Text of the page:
Hints of cautious optimism in the latest OECD assessment of the state of the global economy. The organisation expects economic activity in OECD countries to gradually pick up over the coming two years. However, the pace of recovery won’t be the same everywhere, and unemployment will remain high.
Overall, GDP in OECD countries is projected to rise by 2.3% next year and 2.8% in 2012. With an expansion of 2.2% in 2011, growth is forecast to be faster in the United States than in either the Euro area or Japan, which are both tipped for growth of 1.7%. Looking a little further ahead, the US expansion is forecast to rise to 3.1% in 2012, against 2% in the Euro area and 1.3% in Japan.
Despite the relatively upbeat message, the OECD is still strongly concerned about a number of factors that threaten the recovery. Among the most significant are a widening in global imbalances, which helped fuel the crisis in the first place. These could be exacerbated by uneven growth in the OECD area, as well as between the OECD and emerging economies, which are expected to perform even more strongly than the developed OECD countries.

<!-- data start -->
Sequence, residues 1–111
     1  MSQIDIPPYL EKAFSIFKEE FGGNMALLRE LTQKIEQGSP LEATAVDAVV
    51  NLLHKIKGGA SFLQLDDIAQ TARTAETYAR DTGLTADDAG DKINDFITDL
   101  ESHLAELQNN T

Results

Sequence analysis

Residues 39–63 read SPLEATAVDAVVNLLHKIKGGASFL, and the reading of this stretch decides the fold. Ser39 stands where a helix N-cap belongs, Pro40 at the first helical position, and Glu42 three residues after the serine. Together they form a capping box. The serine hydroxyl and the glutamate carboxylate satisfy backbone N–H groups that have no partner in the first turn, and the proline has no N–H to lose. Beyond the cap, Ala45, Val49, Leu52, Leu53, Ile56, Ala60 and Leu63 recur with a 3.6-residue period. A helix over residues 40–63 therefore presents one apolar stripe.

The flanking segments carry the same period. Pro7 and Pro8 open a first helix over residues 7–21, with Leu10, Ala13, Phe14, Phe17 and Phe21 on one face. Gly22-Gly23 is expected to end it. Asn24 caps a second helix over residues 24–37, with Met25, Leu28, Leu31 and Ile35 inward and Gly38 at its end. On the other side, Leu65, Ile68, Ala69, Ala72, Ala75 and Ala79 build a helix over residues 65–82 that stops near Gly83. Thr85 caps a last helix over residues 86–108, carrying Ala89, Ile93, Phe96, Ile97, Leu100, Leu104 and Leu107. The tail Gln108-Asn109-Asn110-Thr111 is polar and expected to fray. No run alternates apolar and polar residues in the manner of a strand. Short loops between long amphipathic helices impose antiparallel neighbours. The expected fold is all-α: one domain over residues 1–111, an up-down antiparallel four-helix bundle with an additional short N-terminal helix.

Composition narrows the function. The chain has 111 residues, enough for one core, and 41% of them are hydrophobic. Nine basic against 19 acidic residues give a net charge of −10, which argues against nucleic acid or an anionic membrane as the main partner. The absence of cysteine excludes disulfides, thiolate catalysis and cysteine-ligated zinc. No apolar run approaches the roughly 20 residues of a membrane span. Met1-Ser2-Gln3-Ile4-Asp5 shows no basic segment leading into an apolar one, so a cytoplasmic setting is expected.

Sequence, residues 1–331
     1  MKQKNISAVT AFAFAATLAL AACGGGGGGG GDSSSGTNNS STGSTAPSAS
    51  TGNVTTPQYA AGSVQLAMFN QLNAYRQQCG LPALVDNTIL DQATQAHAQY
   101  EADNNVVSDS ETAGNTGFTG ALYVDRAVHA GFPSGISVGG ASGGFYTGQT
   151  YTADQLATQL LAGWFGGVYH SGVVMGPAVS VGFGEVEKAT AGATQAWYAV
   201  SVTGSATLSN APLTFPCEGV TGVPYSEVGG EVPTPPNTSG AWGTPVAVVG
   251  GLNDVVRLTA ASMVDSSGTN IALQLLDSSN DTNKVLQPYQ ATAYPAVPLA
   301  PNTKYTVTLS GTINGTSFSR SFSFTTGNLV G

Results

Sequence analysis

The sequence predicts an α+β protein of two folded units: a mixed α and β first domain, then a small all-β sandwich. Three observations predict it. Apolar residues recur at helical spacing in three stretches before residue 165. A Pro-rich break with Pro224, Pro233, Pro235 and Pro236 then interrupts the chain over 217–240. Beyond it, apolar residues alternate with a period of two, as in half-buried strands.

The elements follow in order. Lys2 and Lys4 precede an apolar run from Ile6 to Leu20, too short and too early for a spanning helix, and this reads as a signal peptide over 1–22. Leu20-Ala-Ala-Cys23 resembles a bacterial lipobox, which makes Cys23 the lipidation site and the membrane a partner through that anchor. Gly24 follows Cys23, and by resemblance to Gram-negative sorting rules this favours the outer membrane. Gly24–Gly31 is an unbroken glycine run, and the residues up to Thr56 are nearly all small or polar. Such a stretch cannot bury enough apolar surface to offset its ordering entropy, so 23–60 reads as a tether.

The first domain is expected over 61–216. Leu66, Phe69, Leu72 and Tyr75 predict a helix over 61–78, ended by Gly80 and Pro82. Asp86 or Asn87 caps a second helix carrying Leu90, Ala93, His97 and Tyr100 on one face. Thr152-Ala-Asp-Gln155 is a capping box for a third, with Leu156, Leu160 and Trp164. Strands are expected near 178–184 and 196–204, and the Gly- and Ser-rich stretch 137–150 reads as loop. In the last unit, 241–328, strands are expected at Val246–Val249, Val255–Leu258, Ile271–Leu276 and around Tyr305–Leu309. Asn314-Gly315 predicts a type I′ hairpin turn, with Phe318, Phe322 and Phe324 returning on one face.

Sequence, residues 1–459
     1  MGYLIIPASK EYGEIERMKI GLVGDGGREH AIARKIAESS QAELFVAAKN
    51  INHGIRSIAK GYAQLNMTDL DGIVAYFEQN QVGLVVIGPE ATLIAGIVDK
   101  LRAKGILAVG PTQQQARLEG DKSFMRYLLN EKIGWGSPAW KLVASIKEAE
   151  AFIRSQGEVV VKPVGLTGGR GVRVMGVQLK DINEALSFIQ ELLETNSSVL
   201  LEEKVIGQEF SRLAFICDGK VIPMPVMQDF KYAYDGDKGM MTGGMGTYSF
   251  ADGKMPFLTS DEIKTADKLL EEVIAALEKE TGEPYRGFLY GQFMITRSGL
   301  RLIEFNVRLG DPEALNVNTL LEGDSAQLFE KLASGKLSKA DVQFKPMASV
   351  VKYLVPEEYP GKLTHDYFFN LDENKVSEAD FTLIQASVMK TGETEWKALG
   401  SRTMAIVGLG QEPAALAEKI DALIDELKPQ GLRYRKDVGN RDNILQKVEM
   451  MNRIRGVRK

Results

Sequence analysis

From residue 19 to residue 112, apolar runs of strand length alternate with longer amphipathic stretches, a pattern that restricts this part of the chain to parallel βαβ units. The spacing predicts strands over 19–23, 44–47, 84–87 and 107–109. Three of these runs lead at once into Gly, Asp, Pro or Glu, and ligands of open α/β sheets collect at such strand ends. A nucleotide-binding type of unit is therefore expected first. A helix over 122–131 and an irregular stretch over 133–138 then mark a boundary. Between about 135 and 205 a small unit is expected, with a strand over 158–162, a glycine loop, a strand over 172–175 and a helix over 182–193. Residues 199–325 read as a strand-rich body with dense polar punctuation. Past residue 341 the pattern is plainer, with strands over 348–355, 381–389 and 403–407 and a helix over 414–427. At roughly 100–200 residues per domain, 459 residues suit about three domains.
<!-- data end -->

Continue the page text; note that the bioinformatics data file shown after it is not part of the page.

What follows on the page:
Other potential problems include the possibility of further falls in house prices, especially in the US and the UK, high sovereign debt in some countries and possible abrupt reversals in government bond yields.
Click here for lots more coverage of the latest OECD Economic Outlook, including a webcast of the launch (starting 10am GMT, Thursday 18 November).